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Peter Ackroyd quotes (showing 1-30 of 118)

“And when I was young, did I ever tell you, I always wanted to get inside
a book and never come out again? I loved reading so much I wanted
to be a part of it, and there were some books I could have stayed in
for ever.”
Peter Ackroyd, First Light
tags: books
“The world is a sea in which we all must surely drown.”
Peter Ackroyd, English Music
“I have liv'd long enough for others, like the Dog in the Wheel, and it is now the Season to begin for myself: I cannot change that Thing call'd Time, but I can alter its Posture and, as Boys do turn a looking-glass against the Sunne, so I will dazzle you all.”
Peter Ackroyd, Hawksmoor
“The endless chatter of this journey had wearied me.”
Peter Ackroyd, The Casebook of Victor Frankenstein
“He stood beneath the white tower, and looked up at it with that mournful expression which his face always carried in repose: for one moment he thought of climbing up its cracked and broken stone, and then from its summit screaming down at the silent city as a child might scream at a chained animal.”
Peter Ackroyd, Hawksmoor
“Sometimes the silences, the gaps, tell us more than
anything else.”
Peter Ackroyd, First Light
“The best years are when you know what you're doing.”
Peter Ackroyd, English Music
“The ordinary routines of life are never chronicled by the historian, but they make up almost the whole of experience.”
Peter Ackroyd, Foundation: The History of England from Its Earliest Beginnings to the Tudors
“There is no humiliation worse than the consciousness of a wasted
life. It stains the spirit, forestalls hope, and destroys any motive for
action or change.”
Peter Ackroyd, English Music
“There were pools of light among the stacks, directly beneath the bulbs which Philip had switched on, but it was now with an unexpected fearfulness that he saw how the books stretched away into the darkness. They seemed to expand as soon as they reached the shadows, creating some dark world where there was no beginning and no end, no story, no meaning. And if you crossed the threshold into that world, you would be surrounded by words; you would crush them beneath your feet, you would knock against them with your head and arms, but if you tried to grasp them they would melt away. Philip did not dare turn his back upon these books. Not yet. It was almost, he thought, as if they had been speaking to each other while he slept.”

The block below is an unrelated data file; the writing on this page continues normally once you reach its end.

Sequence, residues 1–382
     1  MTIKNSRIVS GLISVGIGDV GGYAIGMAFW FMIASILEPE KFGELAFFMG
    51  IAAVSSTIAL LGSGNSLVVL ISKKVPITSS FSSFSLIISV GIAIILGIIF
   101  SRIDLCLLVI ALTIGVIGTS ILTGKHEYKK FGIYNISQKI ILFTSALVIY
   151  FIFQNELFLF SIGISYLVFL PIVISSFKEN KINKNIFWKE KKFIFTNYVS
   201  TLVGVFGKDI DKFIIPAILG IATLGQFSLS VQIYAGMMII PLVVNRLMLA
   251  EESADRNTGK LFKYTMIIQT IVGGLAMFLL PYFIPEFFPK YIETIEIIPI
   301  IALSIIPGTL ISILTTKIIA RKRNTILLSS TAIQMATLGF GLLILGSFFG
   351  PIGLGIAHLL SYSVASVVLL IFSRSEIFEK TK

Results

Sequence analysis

Peter Ackroyd
“Bigotry does not consort easily with free trade.”
Peter Ackroyd, Venice: Pure City
“For when I trace back the years I have liv'd, gathering them up in my Memory, I see what a chequer'd Work Of Nature my life has been. If I were now to inscribe my own History with its unparalleled Sufferings and surprizing Adventures (as the Booksellers might indite it), I know that the great Part of the World would not believe the Passages there related, by reason of the Strangeness of them, but I cannot help their Unbelief; and if the Reader considers them to be but dark Conceits, then let him bethink himself that Humane life is quite out of the Light and that we are all Creatures of Darknesse.”
Peter Ackroyd, Hawksmoor
“…a lie, once uttered, changes reality just as surely as if it were a great truth.”
Peter Ackroyd, English Music
“I lack the World, for I move like a Ghost through it.”
Peter Ackroyd, Hawksmoor
“I realized that my time in this place had come to an end; now that my schooldays
were over, I no longer belonged here. I had always been a stranger and, if I
stayed, I would become a stranger to myself as well.”
Peter Ackroyd, English Music
“Under the force of the imagination, nature itself is changed.”
Peter Ackroyd, The Casebook of Victor Frankenstein
“...he found it difficult to discuss any of his activities, which seemed to him no more than the hole through which he was falling.”
Peter Ackroyd
“Destruction is like a snow-ball rolled down a Hill, for its Bulk encreases by its own swiftness and thus Disorder spreads.”
Peter Ackroyd, Hawksmoor
“It is strange, is it not, how a person can adore one's soul so much that they adore one's body also?”
Peter Ackroyd, The Last Testament of Oscar Wilde